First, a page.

Watering this Ficus can be tricky as the seasons change; however, to be wise in this situation, the key is checking the dampness of the soil regularly. If the soil is still damp, consider laying off watering; at the same time, do not allow the soil to become too dry.
Typically, caring for Ficus Bonsai isn’t much of a problem. They are hardy plants that can survive relatively unfavorable conditions compared to other ornamental plants. Essentially, they’re a great addition to any indoor garden.
Hydrangea is the name given to a shrub that covers many species notable for their flowers. The Hydrangea comes in several species with different flower patterns and colors, different heights and widths, and different growth patterns.
As such, it’s important to make proper consultations before purchasing seeds or seedlings to plant indoors. The Flowers of the Hydrangea bloom between spring and autumn, a long period to exploit the vibrant colors of their flowers.
Hydrangeas require care that varies between species. In general, most hydrangeas only require mild or indirect sunlight. They enjoy the morning sun but do terribly under the afternoon sun, a phenomenon called the part sun.
Our expertise would advise you to practice deep watering rather than frequent shallow watering. Well-drained soil is also advised. Note that pruning should be done occasionally and should be limited to only dead branches, and reason why is that as you trim them off, it will be able to produce a certain shape that may become detrimental to the plant’s health.
While most Hydrangeas produce only one color of flowers, some hydrangeas experience a change in color depending on certain properties in the soil, particularly aluminum ions. If you’d like to exploit color change, request hydrangeas that have been bred for this specific property.
Also, consider planting hydrangeas. This way, your home becomes a vibrant burst of several colors rather than just one.
12. Japanese Peace Lily
The Japanese Peace Lily, Spathiphyllum, is a simple minimalistic house plant that immediately gives a Feng Shui appeal. They require minimal sunlight and grow very well in places with little or indirect sunlight. Often, they are used to decorate tables, centerpieces, stools, and bedposts.
It gets the name, Peace Lily, from the white spathe variant, which looks similar to a white flag indicating peace or a truce. The watering requirement for this plant would be at least once a week. Typically, soil that is just damp is ideal for the Peace Lily and is not completely wet, because this would cause issues like root rot.
Overall, what you must know is that the Peace Lily is a Japanese plant that’s easy to maintain, minimalistic, and beautiful as it would add beauty to the place that you are keeping it.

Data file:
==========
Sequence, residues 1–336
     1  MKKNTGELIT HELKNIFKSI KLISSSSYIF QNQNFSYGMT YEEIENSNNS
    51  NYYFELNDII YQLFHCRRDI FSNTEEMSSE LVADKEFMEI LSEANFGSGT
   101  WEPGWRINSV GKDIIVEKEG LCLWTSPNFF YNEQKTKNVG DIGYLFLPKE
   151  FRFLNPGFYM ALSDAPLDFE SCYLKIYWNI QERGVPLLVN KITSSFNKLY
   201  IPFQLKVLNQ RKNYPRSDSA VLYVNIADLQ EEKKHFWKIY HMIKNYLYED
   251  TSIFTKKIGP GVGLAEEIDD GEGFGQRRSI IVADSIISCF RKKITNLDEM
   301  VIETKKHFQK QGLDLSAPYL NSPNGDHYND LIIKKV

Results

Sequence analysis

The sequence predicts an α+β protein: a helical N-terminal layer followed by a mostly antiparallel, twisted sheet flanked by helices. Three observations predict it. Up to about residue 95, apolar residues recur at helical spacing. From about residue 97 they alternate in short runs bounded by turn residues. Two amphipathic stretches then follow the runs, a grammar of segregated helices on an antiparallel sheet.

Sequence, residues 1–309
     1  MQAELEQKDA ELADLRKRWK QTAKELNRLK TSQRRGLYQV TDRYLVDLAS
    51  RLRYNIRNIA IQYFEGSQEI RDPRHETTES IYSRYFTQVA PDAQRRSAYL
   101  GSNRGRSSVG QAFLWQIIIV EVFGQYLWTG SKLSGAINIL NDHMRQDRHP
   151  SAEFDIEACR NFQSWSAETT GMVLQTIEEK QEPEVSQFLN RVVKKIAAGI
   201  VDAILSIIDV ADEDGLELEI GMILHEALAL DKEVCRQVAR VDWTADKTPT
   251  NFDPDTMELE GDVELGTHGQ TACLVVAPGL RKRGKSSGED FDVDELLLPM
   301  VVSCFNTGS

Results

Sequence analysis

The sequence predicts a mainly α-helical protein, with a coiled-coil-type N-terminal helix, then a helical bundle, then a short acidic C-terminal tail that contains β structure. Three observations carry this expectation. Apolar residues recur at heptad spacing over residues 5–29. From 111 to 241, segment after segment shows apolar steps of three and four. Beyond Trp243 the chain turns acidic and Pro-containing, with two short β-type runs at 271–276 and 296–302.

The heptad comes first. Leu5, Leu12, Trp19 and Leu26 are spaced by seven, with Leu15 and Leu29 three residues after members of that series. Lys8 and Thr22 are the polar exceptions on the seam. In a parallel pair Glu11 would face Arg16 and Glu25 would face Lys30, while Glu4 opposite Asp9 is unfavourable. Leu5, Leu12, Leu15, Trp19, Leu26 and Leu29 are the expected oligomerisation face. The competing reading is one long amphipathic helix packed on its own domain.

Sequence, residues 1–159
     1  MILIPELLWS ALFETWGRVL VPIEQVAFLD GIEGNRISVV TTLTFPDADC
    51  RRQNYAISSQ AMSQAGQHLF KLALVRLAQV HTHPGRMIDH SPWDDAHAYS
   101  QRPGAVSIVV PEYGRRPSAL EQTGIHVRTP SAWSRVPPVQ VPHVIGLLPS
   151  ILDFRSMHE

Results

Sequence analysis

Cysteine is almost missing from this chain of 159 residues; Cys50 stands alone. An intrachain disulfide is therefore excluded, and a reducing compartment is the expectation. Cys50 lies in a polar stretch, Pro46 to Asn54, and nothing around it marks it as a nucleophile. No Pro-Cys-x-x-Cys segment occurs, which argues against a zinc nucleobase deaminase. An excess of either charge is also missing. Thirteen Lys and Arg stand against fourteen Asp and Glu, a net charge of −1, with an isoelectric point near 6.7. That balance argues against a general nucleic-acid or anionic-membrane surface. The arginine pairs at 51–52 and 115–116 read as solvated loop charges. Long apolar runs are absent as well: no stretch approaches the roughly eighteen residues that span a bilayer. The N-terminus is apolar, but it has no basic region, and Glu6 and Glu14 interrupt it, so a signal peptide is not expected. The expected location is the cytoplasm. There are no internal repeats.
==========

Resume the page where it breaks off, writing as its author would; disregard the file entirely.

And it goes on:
13. Japanese Stonecrop
The Japanese stonecrop, or Japanese stone crop, is a brilliant small Japanese perennial plant that boasts green leaves throughout the year. They are succulent and often require little attention to thrive, making them the perfect choice for many homeowners, they produce glossy little leaves and even some yellow tiny flowers.
The Japanese stonecrop is a light-loving plant. They love an abundance of direct sunlight, albeit, not too harsh. Place them close to the window, or just outside the door.
If you have a transparent door, consider placing them where direct sunlight would hit them–besides where Japanese indoor slippers or Japanese indoor shoes are kept would be a perfect place. A typical Feng shui Japanese setting!
If direct sunlight is not an option, it’s not a problem. Japanese stone crops can survive with partial shade also. This versatile plant would be the perfect addition to a home looking to produce a Japanese appeal.
14. Japanese Larch Bonsai
The Japanese Larch is a coniferous tree with species that can be grown as Bonsais. They are loved for their sturdy and thick trunks with beautiful leaves, which, relatively, undergo seasonal changes.
The Japanese Larch Bonsai is a tree plant with a high affinity for water and require well-drained soil. As a result, they make good bathroom plants because of the humidity.
In their early years, they require repotting between one to three years and every five years once matured. In addition, it gives such an elegant and exotic look at the same time to the room that you have placed it in.
In summary, Japanese house plants are amazing features to have, whether as part of a Japanese garden or theme or just as part of indoor gardening. The list above includes the best picks for you, from small to large-sized house plants requiring minimal attention.
Indeed the list isn’t exhaustive; consider looking for outdoor plants that can be transitioned into house plants, like the Japanese Aralia, for example. Ultimately, these 14 beautiful Japanese indoor plants are the easiest to maintain and the best pick–which are you starting with?